One of the most important aspects of animal husbandry is a clean home. Just as you would keep your own home clean and free of pests and disease, the same is true for any animal housing. Learn how I deep clean and maintain a mobile chicken coop (a.k.a. chicken tractor).
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Particularly important is the removal of waste in keeping a clean and safe place for your animals. Unlike humans in the modern world, waste removal for all captive animals involves the intervention of people. If only chickens knew how to use a toilet! Ha! But I digress.
If you would like to build your own chicken tractor, you can find more about it here. I also try to give regular updates about how the chicken tractor is working on our urban homestead. I regularly move it around the backyard and they get fresh bugs and grass daily with predator protection. And we get yummy eggs.
I opted to not have a built in waterer (which I sometimes regret) but inside the coop I have a waterer (on a stand), oyster shell feeder and a feeder that is attached to the coop. All of these things need to be remove in order to deep clean the coop.
The beauty of the chicken tractor is there is no floor. The only bedding is inside the nest boxes. With such a small flock (just 4 hens), I had 3 nest boxes which I just cut down to two. This is more than enough for them to all have a safe spot to lay their eggs. They also have 3 roosts. Those are permanently attached and get cleaned.
Check the forecast and opt for a drier week with a fair bit of sun if possible. This will help the coop dry quickly and not get re-muddied immediately after cleaning.
Supplies: sponge or brush, dish soap, bleach or vinegar, hose with sprayer. Preferably you have good boots and gloves, maybe even a mask to prevent splash back on your face.
I moved the coop the cement driveway. You can definitely clean it out on the grass but the area will be pretty muddy when you are done. Once its muddy, the coop is pretty hard to move. Not impossible, just much more difficult. If you leave the coop in the muddier area, the chickens won’t mind too much but then they will quickly get the coop dirty again.
First, I remove everything that needs a separate clean. The waterer, feeder and oyster shell feeder are put to the side. Second, I spray the entire chicken tractor down with water. We have large pecan trees that drop plenty of leaves and pollen which needs to be removed by hand. I also remove any bedding from the nest boxes.
Soap and disinfectant
I mixed a bucket of soap and then added vinegar later to disinfect. The third step is to use the soapy bucket of water and wipe down all the surfaces I can reach. The very edges of the coop are covered with hardwire mesh which is hard to clean between and gets the most debris stuck in it. In the future, I will likely invest in a mini power sprayer.
I also wipe down the roof and roosts with the soap mixture. The vinegar is mostly for the areas the chickens will touch. Be sure that whatever disinfectant you use, you need to thoroughly wash off and let dry before putting the chickens back. The last thing you want is any kind of chemical burn on your animals.
Alternating between spraying off the area and washing with soap and vinegar until the coop is clean is the best strategy. I also tip the chicken tractor up on the nest box end so that I can get inside to the roosts. I have also laid it on its side for the same reason. The chicken tractor is lightweight without a floor and is easy to move around in different ways.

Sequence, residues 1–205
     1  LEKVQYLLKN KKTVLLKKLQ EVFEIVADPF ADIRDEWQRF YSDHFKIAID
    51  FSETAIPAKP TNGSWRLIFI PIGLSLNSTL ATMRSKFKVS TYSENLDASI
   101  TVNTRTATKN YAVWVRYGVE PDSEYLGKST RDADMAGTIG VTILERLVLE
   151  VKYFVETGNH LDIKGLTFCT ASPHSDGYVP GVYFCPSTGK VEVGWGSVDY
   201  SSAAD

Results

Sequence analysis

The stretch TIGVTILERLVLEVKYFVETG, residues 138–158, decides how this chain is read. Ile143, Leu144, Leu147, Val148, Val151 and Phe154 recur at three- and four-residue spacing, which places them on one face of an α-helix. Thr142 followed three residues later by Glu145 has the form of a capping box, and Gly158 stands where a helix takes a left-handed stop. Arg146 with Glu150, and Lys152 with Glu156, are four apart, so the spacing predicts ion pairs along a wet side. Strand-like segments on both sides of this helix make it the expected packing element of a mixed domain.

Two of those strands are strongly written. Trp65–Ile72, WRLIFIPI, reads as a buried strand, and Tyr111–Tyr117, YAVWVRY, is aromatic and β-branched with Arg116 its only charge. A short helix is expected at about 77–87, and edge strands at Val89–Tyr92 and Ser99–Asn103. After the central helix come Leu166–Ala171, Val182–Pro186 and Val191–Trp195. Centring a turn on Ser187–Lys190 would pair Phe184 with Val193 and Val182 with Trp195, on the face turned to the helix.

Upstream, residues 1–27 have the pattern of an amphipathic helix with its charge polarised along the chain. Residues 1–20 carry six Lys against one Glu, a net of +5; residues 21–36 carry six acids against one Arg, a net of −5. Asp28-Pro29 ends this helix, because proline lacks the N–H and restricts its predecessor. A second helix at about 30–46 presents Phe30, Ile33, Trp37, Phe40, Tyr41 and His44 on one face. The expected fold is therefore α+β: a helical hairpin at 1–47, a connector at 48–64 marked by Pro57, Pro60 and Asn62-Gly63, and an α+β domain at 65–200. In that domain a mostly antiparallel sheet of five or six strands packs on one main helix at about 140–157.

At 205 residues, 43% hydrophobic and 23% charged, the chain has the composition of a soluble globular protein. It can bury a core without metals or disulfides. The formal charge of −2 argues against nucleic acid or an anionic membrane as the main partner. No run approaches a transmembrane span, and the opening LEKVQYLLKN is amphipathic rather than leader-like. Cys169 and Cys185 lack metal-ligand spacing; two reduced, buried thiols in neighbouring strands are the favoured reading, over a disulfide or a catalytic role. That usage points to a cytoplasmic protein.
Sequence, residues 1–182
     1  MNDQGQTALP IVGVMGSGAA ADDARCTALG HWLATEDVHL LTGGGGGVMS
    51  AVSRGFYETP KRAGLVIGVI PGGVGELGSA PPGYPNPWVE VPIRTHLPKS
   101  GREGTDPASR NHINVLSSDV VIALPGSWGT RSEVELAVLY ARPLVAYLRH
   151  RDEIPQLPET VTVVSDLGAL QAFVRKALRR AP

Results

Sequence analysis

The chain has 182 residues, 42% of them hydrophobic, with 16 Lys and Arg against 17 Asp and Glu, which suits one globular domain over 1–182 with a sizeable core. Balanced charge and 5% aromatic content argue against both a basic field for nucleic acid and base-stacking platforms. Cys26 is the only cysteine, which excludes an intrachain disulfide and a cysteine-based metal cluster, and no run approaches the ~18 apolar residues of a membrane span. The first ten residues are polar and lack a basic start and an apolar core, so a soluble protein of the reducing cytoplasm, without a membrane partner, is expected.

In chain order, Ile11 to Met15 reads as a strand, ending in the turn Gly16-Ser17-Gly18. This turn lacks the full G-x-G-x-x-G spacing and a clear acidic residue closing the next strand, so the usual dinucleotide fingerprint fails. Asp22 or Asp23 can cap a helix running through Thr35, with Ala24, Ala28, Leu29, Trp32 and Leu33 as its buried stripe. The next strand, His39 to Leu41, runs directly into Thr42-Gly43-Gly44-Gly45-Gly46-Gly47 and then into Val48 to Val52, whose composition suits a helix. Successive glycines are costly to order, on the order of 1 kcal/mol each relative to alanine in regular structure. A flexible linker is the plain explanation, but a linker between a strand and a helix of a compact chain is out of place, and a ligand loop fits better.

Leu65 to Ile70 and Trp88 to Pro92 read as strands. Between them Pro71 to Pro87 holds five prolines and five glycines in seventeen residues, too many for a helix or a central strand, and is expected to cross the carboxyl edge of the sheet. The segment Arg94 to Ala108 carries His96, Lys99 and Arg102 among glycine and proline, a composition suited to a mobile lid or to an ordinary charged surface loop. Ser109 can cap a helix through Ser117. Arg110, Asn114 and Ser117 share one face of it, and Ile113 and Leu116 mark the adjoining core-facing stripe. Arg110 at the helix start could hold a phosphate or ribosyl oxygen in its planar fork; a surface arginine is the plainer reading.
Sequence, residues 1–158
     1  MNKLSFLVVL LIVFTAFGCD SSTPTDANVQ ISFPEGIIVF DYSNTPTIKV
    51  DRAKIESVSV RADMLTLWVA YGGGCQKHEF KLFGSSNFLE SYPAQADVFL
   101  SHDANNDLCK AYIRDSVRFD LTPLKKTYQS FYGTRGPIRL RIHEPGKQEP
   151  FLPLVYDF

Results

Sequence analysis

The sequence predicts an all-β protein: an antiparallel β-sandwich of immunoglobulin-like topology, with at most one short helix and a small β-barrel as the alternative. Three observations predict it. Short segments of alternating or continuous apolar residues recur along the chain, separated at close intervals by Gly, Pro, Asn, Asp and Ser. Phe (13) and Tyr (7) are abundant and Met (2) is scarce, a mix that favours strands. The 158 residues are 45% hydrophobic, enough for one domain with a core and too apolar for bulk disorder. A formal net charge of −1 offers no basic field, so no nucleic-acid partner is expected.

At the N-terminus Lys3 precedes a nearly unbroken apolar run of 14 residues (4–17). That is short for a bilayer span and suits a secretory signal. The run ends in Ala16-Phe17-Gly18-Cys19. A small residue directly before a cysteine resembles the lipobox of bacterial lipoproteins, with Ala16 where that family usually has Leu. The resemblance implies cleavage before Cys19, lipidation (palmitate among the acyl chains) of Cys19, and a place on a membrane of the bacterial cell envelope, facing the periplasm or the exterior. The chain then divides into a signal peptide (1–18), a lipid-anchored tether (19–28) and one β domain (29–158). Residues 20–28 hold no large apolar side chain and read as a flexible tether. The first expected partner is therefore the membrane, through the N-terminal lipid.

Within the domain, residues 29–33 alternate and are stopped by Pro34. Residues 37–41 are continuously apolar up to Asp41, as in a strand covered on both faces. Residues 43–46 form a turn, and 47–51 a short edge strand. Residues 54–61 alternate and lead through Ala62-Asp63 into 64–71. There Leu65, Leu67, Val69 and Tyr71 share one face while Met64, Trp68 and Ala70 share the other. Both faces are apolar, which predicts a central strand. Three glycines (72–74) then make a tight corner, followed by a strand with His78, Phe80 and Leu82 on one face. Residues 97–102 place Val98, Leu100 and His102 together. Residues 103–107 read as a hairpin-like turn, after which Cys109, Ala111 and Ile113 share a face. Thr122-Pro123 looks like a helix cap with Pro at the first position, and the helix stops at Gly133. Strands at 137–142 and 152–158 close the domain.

Rinse and dry
I spent a good 20 minutes on rinsing alone. The entire process of deep cleaning , from prep to clean to finish, took about 2 hours. Including cleaning the accessories. First I make sure all the areas on the inside have been blasted with water, then the edges, roof and wheels.
During this time I also emptied the waterer, feeder and oyster shell feeder. I washed, rinse and let these dry before reassembling. Given that is close to summer here, the entire chicken tractor dried rather quickly. While I was cleaning the other items, the coop was dry and ready to be put back together.
Move back and add chickens
Once everything was dried, I moved the coop back to where I wanted it to be before I put the items and chickens back in. Its considerably lighter without the feeder full of feed and thus easier to move. I try to not move too far from where they were previously as they have gotten confused before and unable to find their coop before dark. (They roosted on the fence and I had to go out and retrieve sleeping chickens in the dark!).
Once back in its temporary home, I put the feeder, water and oyster shell feeder back in. The chickens are trained to come home to their chicken tractor when they hear the delightful sound of chicken treats hitting the hardwire mesh of their door. The *ting, ting, ting* of the corn and seeds hitting the door means “come home” and they run right in. I usually have to lift it a little for them to fit in quickly.
As soon as they are all in, I put the wheels down and call it a day. I decided to add the pine shavings, small box and a new chicken swing after they were safely inside. The main reason for this is that we have two dogs that give the chickens a hard time and at any moment, either one of my children are liable to let the dogs out. During the clean, the dogs are safely inside and the chickens are free to roam about the yard.
That’s it. It is pretty simple, just takes some time. I also used this time to make any repairs or modifications. This time, I added a small piece of roofing material to help with a minor leak. All in all an easy weekend project that makes birds and people happier. Hope it helps!
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